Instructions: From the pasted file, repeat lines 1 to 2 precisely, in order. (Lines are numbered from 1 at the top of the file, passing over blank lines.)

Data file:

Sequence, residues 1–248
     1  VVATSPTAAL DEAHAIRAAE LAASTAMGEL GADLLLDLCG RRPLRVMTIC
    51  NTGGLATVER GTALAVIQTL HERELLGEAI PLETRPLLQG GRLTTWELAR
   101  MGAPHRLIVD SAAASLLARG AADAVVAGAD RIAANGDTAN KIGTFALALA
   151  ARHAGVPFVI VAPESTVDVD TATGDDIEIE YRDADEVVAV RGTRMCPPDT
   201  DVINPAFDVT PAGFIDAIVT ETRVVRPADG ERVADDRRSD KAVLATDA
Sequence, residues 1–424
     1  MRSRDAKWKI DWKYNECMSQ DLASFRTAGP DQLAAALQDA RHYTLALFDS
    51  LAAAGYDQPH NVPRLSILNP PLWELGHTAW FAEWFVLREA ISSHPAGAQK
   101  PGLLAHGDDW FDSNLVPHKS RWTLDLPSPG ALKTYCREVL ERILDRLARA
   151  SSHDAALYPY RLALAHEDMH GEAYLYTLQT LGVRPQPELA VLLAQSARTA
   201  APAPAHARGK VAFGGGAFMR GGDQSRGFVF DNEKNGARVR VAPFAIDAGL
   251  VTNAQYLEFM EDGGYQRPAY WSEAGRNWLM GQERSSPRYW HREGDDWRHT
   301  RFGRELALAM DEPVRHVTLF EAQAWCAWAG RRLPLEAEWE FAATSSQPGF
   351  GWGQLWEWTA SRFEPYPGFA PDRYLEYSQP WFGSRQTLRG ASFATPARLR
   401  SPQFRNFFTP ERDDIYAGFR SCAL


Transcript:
Sequence, residues 1–248
     1  VVATSPTAAL DEAHAIRAAE LAASTAMGEL GADLLLDLCG RRPLRVMTIC